Realizing the MacBook Air’s Limitations When Diagnosing A Hardware Issue

by Gregory Ng Feb 07, 2008

People have been discussing the limitations and sacrifices when it comes to the MacBook Air. “You get a slimmer form factor but a slower processor.” or “The full size keyboard is nice, but what about the lack of optical drive?” or “Yeah, it’s a stylish computer, but no user replaceable battery?”

Well, after the 2 hours I spent last night with Apple Technical Support, I have experienced the limitations first hand as it pertains to diagnosing a specific problem.

I was one of the early ones. One of the people who hit the refresh button on the Apple Store website repeatedly after the end of the Macworld keynote until I could place an order. I got through 10 minutes after it went on sale and waited patiently for 2 weeks for it to arrive.

And after a jawdropping experience of unpacking my MacBook Air (the packaging is simply breathtaking in its minimalism and sophistication), I was ready to start moving into my new computer.

The only problem is when I tried to make a language selection on my startup screen, I realized the button on my trackpad did not work. I called Apple technical support and this began my 2 hour ordeal highlighting the limitations of the Air and ending in me having to send back the unit in exchange for a new one.

The problems occurred when trying to diagnose the problem. After 15 minutes of being on hold, a helpful tech got on the phone and asked me about my problem. He admitted to me that because the Air is so new, he didn’t have much information. In fact, the serial numbers hadn’t updated in the system yet so he was unable to pull up my record based on my specific unit.

After explaining the issue, he asked if I could please put in the Systems Disc One that came with the computer. I told him it was a good thing I purchased the USB-powered Superdrive. I plugged in the Superdrive and inserted the disc. He asked me to try to use the trackpad tap feature. I told him that it did not work. He asked if I could click anything on the screen. I could move the cursor and in some cases could advance further down the setup process by using key commands, but could still not click the buttons.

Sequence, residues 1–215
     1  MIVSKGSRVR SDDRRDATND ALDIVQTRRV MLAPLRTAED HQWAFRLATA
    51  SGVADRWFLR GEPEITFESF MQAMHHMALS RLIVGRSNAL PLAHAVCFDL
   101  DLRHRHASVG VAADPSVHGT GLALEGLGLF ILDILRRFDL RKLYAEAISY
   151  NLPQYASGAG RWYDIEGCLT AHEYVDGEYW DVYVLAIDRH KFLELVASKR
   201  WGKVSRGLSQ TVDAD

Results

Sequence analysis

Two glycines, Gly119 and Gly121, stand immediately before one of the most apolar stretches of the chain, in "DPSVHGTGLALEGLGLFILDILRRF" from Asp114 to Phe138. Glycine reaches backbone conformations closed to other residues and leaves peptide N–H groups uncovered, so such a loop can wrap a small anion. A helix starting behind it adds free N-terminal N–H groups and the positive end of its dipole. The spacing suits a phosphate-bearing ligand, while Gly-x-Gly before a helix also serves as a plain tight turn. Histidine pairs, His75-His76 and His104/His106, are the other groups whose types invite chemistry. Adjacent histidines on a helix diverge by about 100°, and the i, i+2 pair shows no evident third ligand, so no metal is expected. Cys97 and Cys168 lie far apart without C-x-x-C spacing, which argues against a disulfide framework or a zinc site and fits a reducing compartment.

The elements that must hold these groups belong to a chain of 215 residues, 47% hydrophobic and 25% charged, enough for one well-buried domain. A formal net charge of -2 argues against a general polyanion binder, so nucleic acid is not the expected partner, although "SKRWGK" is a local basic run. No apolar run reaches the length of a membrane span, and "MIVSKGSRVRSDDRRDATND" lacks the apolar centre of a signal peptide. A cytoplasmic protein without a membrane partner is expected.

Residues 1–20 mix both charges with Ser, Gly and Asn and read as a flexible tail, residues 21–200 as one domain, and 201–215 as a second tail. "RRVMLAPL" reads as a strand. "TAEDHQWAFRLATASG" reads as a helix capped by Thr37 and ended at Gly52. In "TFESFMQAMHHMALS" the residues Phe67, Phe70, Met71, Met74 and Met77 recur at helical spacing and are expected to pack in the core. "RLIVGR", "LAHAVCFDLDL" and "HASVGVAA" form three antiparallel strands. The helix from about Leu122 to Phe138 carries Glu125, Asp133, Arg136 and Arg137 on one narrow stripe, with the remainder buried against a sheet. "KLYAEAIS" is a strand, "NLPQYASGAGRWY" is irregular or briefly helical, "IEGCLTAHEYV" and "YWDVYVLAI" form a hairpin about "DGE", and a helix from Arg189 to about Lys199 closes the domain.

He asked if I had a USB mouse to plug in. I told him yes, but then quickly realized the 1 USB port was being taken up by the Superdrive! So, here I was with one USB port and 2 necessary USB devices.

In the end, I was able to run enough tests over the phone to prove that it is indeed, a hardware issue, not a software one with the trackpad button and I am receiving a new one in a week or so.

Although this is a small example of an issue with no optical drive and a minimal amount of ports, it will be very interesting to see how other issues with this first generation machine will be affected by its “compromises.”

P.S. The Air is amazingly light and simply gorgeous to look at. Also, my initial concerns of it being too delicate were dismissed immediately. The form factor may feel light as a feather but it is solid as a rock.


  • My MBA arrived on 4 Feb and the decision was made two days later by an Apple Technician that the computer needs to be returned. My MBA problems started when I attempted migration from my MacBook via wireless, first, and then via an ethernet connection. Both were extremely pokey so I performed a Time Machine backup of my MacBook to an external USB HD and then plugged this drive into the MBA for use with Migration Assistant. All seemed to work OK, but my Airport icon on the menu bar was always hollow even though I could connect to the internet with the MBA. With a restart, the blue screen of death took over an hour to clear, but the Airport icon problem persisted. We tried resetting permissions and several other procedures before attempting a fresh install of Leopard from an external drive. When it failed, the Apple Tech pronounced the MBA and sent me home with a case number to use when calling AppleCare. I’m still awaiting a call from Apple Service with an authorization for return of this MBA.

    I’ve had many, many Macs since my original one that I bought on 24 Jan 84. This is the first bad experience that I’ve had in 24 years of Macs so I’m not complaining. I had many more problems in the past with PCs. I look forward to putting a new MBA to work in my business.

    macgyverh had this to say on Feb 07, 2008 Posts: 2
  • I thought the idea of the Air would have been to use a BlueTooth mouse instead of a wired one. Just wondering.

    iPirate had this to say on Feb 10, 2008 Posts: 3
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